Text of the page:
It seems that I've had a number of people lately asking me about crit groups. How did I find mine? Do I know of any that have openings? Where would I recommend hooking up with one? Beyond telling people how I found mine (online through a contest), I didn't have many answers.
- To find these you need to google your city and terms like writers group, critique group, etc.
- Also, whatever your genre is, go to the national organization website (i.e. Romance Writers of America, Society of Children's Book Writers and Illustrators) and see if they have a local chapter. Your chapter will probably have information on groups that meet in your area.
- Attend writers' conferences in your area to hook up with other writers and network.
- Look for ads at local bookstores, coffee shops, etc.
- Create your own (more on that later)
- Network with your blogging friends to see if they know of any
- Join one of the critique websites/communities: Critique Circle, Critters Workshop, search Yahoo Groups (I have only used Yahoo groups, so if anyone has other suggestions or has experience with an online workshop, please list it in the comments).
- Volunteer to exchange beta-reading with blogging friends. If you find you connect and enjoy critting and being critted by them, consider putting together a group.
- Make sure that there are some rules and expectations set up. Lack of structure is not your friend in this type of situation.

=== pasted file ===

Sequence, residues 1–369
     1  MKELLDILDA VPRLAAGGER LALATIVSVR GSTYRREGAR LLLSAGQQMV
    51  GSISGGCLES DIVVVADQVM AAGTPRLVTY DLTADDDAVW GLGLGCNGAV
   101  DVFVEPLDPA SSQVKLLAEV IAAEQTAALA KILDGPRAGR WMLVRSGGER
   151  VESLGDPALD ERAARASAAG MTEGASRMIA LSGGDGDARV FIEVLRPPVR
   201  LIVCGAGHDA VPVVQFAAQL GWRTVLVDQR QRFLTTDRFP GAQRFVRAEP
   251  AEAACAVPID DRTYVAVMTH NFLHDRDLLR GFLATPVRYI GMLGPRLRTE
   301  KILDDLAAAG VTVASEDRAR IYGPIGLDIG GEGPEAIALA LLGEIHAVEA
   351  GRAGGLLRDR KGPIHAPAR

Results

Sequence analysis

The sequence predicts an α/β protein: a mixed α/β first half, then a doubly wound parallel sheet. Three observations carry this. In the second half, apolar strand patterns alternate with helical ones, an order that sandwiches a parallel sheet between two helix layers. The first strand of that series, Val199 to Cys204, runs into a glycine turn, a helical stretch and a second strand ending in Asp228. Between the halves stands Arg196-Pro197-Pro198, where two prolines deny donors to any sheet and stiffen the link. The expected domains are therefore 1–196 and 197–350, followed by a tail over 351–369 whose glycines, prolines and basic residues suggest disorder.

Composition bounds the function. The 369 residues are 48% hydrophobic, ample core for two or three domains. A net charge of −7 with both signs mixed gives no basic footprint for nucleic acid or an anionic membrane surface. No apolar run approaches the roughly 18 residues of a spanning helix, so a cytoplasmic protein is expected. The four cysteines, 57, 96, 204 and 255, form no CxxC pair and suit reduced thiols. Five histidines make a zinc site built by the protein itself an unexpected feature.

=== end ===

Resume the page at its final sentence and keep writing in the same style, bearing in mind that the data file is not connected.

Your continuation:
- You need to enjoy the genre that the other members are writing. If you never read horror but you join a group of Stephen King wannabes, you're a) not going to enjoy critting them if you don't like horror b) aren't going to be effective at critting if you don't know anything about the conventions of that genre and c) may not get effective critiques in return if they aren't fans of your genre.
- Try to find a group that contains writers of varying levels of experience (but not necessarily extreme disparity). Put a group of beginners together and it will be like the blind leading the blind. The other writers don't necessarily need to be published (although it's great if they are), but find some that have studied the craft and already learned from some mistakes. On the other hand, put a newbie with a bunch of established authors, and the newbie will probably be torn to shreds and the experienced writers will tire of reading work that isn't close to being ready.
*One suggestion I have regarding this is have potential members submit samples of their writing to you (if you're starting a group). Gauge what level they are at and if they will fit in your group.
- Most importantly, make sure you are ready to truly be critiqued. If you are just looking for a group to tell you how awesome you are, don't join. Being critted and critiquing others is HARD. Your hackles will rise the minute you get that document back with red marks all over it. If every time someone says something negative, you start with the "yeah, but" then you're probably not ready.